Ada Lake is a 974-acre lake located east of Backus, Minnesota that has 7.21 miles of shoreline and a maximum depth of 60 ft. There is a state owned public access on the north shore. The Minnesota Department of Natural Resources (MNDNR) has classified Minnesota lakes into 43 different classes based on physical, chemical and other characteristics. Ada Lake is in Lake Class 27; lakes in this class are generally large, deep, regularly shaped lakes. This lake is primarily managed for northern pike, largemouth bass, and walleye, and secondarily for bluegill, black crappie, yellow perch, and cisco (tullibee).
Northern pike are abundant in Ada Lake and a 24 to 36 inch protected slot limit was implemented in 2003 to increase the proportion of larger pike in the population. The average length of northern pike sampled in 2012 was 18 inches, and fish sampled ranged from 10 to 40 inches. The abundance of northern pike compared favorably to other lakes in this class. The proportion of northern pike 24 inches or longer has increased steadily since 2004. The largemouth bass population was the highest observed since the lake was first sampled in 1958. The longest bass sampled in 2012 was 14 inches long. Ada Lake has been heavily stocked with varying combinations of walleye fry, fingerlings and adults since 1971 yet walleye abundance is relatively low when compared to similar lakes. While walleye numbers are low, the average length was 18 inches and fish up to 27 inches were sampled in 2012. Yellow perch and cisco (tullibee) numbers are also at very low levels, as only seven yellow perch and one cisco were sampled in 2012. The abundance of black crappie appears to be slightly above average when compared to similar lakes. Black crappie sampled in 2012 averaged about 8 inches, with fish up to 12 inches being found. Bluegill abundance was similar to other Class 27 lakes. Average length of bluegill was about 6 inches and fish up to about 8 inches were sampled. Other species available for anglers include bowfin (dogfish), brown bullhead, rock bass, yellow bullhead, and pumpkinseed sunfish.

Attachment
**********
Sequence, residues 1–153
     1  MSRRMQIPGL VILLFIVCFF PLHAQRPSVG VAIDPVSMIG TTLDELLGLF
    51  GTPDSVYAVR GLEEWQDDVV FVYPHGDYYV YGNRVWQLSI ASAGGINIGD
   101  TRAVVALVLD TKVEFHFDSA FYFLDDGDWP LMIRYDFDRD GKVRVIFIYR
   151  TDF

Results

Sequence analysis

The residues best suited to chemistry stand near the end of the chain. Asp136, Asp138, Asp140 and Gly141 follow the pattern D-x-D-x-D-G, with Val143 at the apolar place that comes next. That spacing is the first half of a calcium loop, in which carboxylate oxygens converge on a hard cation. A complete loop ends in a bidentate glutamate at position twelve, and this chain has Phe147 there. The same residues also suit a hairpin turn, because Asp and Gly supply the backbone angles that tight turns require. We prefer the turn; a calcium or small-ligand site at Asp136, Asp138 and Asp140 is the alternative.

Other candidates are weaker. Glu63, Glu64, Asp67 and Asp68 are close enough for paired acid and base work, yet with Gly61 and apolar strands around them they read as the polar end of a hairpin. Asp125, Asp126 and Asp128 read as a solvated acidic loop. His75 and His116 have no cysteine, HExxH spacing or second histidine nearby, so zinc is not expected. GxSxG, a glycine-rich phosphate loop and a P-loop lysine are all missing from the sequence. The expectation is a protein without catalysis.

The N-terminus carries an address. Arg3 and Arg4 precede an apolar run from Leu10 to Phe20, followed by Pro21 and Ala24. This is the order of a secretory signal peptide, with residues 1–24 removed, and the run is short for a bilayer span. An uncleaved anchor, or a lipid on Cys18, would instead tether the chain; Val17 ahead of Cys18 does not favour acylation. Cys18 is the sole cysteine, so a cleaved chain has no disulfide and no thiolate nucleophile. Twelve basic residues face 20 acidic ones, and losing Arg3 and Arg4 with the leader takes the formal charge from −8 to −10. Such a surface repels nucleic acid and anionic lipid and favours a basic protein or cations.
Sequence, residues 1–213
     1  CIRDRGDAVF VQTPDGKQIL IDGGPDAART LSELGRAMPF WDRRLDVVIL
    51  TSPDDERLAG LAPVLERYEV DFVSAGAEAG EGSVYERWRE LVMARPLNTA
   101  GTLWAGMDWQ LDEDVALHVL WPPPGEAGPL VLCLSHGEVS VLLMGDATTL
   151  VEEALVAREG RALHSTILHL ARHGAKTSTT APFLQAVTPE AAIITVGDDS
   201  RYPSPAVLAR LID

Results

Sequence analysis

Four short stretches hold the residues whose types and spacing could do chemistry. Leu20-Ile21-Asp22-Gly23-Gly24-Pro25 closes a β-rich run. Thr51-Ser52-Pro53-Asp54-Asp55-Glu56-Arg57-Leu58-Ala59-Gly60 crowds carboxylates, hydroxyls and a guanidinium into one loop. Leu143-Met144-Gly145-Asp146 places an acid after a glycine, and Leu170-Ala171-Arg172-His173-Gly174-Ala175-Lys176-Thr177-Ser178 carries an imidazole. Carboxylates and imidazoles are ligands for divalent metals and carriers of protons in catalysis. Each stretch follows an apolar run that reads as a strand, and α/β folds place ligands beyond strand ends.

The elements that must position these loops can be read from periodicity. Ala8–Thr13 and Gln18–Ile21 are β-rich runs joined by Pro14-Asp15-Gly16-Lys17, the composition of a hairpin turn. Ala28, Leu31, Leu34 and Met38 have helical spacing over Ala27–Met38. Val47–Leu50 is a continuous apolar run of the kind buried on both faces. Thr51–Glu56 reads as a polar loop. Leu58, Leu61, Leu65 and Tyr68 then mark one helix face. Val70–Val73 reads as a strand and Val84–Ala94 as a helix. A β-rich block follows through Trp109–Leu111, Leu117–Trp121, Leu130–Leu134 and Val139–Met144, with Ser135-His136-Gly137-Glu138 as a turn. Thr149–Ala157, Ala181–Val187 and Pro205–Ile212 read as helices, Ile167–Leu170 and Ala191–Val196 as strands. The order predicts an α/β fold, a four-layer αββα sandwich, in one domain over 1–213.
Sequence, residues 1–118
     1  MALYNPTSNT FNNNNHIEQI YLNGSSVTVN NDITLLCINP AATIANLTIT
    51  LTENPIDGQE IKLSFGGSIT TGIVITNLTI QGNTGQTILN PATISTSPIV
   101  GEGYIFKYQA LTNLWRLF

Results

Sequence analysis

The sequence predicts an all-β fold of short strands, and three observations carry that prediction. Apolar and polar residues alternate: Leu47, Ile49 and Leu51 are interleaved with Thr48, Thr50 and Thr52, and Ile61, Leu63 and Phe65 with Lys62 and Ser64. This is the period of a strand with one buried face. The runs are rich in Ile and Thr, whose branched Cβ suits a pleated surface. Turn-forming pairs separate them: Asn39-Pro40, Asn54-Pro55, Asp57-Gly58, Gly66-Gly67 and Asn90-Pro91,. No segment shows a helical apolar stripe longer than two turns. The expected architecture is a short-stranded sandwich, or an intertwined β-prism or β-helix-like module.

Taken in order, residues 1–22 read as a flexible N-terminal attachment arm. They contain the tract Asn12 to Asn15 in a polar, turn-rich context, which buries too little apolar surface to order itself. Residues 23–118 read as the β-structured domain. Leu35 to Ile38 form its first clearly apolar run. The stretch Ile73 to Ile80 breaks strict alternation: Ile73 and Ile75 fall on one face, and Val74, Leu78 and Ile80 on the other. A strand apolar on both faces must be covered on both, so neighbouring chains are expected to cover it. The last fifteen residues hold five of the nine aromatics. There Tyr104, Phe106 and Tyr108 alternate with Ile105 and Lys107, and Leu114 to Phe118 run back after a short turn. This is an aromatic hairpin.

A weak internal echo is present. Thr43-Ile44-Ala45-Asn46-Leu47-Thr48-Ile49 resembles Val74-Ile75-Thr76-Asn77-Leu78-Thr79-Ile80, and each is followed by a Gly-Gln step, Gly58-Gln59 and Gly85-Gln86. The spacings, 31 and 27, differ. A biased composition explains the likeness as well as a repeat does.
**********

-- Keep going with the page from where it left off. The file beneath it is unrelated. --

People can have significant impacts on lakes and the fish populations they support. Harvest, lakeshore development, removal of shoreline vegetation, and introductions of invasive species can all adversely affect fish populations. Currently the only aquatic invasive species (AIS) that have been identified in Ada Lake are the rusty crayfish and the banded mystery snail. AIS are moved from infested to non-infested waters by anglers, boaters, and lake shore owners and can adversely impact lakes and fish populations. To avoid spreading AIS, lake users are required to remove all aquatic plants or animals from their watercraft and drain all water from their boat before leaving the access. If you suspect an infestation of an invasive species in this lake, save a specimen and report it to a local natural resource office. Additional information on all of these topics can be found on the DNR website (www.dnr.state.mn.us) or by contacting the Walker Area Fisheries office.